Adam Bryant conducts interviews of senior-level executives that appear in his “Corner Office” column each week in the SundayBusiness section of The New York Times. Here are a few insights provided during an interview of Michel Feaster, the chief executive of Usermind, a customer-engagement software firm. To read the complete interview, check out other articles, and obtain subscription information, please click here.
Photo credit: James Nieves/The New York Times
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Tell me about your parents.
I got a lot of my values from them. My mom was born in Wiesbaden, after World War II. She sued for independence from her family when she was 14. She worked her way through high school and college as a maid working for the Bismarck family.
Then one day she decided she wanted to come to America. She learned English by watching television. She had a construction company once but now works in nursing.
My father was an objector to the Vietnam War — he was deferred and was sent to Lebanon for 18 months to teach English. He’s very principled. He’s a professor now.
Were you in leadership roles early on?
No. I was kind of a nerd. I didn’t fit in. My parents divorced when I was 8, and we relocated to Providence. We were poor. We lived in a bad section of the city, where we were renovating an old house.
I remember thinking that I was going to help support my mom and get her out of this situation. I decided when I was 11 that I would get straight A’s and go to Harvard. I ended up getting into Harvard, but I dropped out. I didn’t fit in.
What did you do?
I moved home and got a job at a convenience store working overnight. I worked my way up to running that store, and then I managed a number of them, with about 50 or 60 employees.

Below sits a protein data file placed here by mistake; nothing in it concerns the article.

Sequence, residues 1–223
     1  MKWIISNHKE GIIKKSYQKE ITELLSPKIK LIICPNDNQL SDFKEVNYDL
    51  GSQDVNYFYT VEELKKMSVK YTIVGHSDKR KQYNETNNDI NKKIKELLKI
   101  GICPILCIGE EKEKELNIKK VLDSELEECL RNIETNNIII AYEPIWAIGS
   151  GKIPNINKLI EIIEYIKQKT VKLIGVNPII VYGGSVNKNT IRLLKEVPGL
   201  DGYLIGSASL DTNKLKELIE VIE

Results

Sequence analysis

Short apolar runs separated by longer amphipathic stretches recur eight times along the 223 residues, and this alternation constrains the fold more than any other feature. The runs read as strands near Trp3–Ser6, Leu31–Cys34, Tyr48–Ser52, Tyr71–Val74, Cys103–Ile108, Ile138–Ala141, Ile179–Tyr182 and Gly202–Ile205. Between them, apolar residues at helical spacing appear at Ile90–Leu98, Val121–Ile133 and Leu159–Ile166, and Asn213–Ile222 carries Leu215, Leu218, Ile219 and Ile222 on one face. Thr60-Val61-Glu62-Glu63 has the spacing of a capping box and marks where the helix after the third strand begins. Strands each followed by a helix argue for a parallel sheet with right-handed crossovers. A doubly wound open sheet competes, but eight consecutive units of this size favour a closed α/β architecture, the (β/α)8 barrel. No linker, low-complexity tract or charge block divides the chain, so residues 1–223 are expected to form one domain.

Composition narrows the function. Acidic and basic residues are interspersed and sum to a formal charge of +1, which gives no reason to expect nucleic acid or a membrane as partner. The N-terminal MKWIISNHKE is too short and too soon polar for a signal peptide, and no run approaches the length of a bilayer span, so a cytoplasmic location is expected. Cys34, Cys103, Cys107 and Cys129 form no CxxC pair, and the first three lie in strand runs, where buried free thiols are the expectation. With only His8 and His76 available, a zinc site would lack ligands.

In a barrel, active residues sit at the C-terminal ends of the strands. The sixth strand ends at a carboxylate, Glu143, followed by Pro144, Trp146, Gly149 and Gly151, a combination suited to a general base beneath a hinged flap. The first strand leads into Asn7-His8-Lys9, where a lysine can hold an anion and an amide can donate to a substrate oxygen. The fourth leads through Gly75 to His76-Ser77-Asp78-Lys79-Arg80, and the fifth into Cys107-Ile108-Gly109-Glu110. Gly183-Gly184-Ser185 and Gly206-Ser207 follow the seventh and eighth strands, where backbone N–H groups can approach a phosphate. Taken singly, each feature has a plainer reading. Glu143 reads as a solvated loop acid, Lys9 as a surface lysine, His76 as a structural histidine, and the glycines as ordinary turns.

A lot of my hiring philosophy comes from that time. The people who applied for those jobs were either high school or college kids who wanted a part-time job, or they were adults who weren’t really skilled workers.
It was fascinating to me that I couldn’t predict who would be a good worker. I would hire these clean-cut young kids, and they would be lazy or not attentive to detail.
And then I would hire people who were in their 50s who didn’t look put together. But their commitment to the job was incredible. I’ve learned that you hire based on what’s inside people.
In start-ups, people who are great hires have grit and tenacity, because it’s hard and everything’s breaking all the time. It was a real lesson about the dangers of judging people based on appearances.
I ran those convenience stores for five years until my partner at the time told me about a technical sales job at Compuware. They taught me everything about tech, and my whole life changed.
What have been some key leadership lessons for you?
To me, the difference between leadership and management is the commitment to unlock the employee. I’m passionate about building teams and looking to understand each person’s strengths and weaknesses, and helping them see their strengths.
Most people don’t see themselves very clearly. Our internal narratives prevent us from seeing our superpowers and our weaknesses. So it’s important to have mentors and leaders who are committed to helping you see yourself more clearly.
My philosophy is about helping people unlock what they’re really amazing at and help them understand their weaknesses enough to manage them, because you’re not really going to change who you are.
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Adam Bryant, deputy national editor of The New York Times, oversees coverage of education issues, military affairs, law, and works with reporters in many of the Times’ domestic bureaus. He also conducts interviews with CEOs and other leaders for Corner Office, a weekly feature in the SundayBusiness section and on nytimes.com that he started in March 2009. In his book, The Corner Office: Indispensable and Unexpected Lessons from CEOs on How to Lead and Succeed, (Times Books), he analyzes the broader lessons that emerge from his interviews of hundreds of business leaders. To read an excerpt, please click here. To contact him, please click here.